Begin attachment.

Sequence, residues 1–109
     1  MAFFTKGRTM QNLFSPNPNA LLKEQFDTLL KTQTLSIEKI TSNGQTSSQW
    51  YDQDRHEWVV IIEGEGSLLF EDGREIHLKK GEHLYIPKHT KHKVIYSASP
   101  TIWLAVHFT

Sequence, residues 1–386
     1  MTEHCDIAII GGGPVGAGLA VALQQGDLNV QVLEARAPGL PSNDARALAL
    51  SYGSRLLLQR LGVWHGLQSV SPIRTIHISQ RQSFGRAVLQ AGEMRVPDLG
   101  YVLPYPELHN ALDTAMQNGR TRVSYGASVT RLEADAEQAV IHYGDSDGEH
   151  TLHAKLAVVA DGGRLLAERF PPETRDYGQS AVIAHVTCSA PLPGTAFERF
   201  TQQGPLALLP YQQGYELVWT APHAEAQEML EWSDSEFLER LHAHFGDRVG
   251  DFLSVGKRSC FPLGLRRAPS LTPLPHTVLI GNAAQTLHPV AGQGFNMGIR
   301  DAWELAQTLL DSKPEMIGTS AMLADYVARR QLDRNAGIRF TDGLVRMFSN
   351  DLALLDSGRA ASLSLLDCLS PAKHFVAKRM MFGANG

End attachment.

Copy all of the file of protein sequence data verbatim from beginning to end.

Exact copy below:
Sequence, residues 1–109
     1  MAFFTKGRTM QNLFSPNPNA LLKEQFDTLL KTQTLSIEKI TSNGQTSSQW
    51  YDQDRHEWVV IIEGEGSLLF EDGREIHLKK GEHLYIPKHT KHKVIYSASP
   101  TIWLAVHFT

Sequence, residues 1–386
     1  MTEHCDIAII GGGPVGAGLA VALQQGDLNV QVLEARAPGL PSNDARALAL
    51  SYGSRLLLQR LGVWHGLQSV SPIRTIHISQ RQSFGRAVLQ AGEMRVPDLG
   101  YVLPYPELHN ALDTAMQNGR TRVSYGASVT RLEADAEQAV IHYGDSDGEH
   151  TLHAKLAVVA DGGRLLAERF PPETRDYGQS AVIAHVTCSA PLPGTAFERF
   201  TQQGPLALLP YQQGYELVWT APHAEAQEML EWSDSEFLER LHAHFGDRVG
   251  DFLSVGKRSC FPLGLRRAPS LTPLPHTVLI GNAAQTLHPV AGQGFNMGIR
   301  DAWELAQTLL DSKPEMIGTS AMLADYVARR QLDRNAGIRF TDGLVRMFSN
   351  DLALLDSGRA ASLSLLDCLS PAKHFVAKRM MFGANG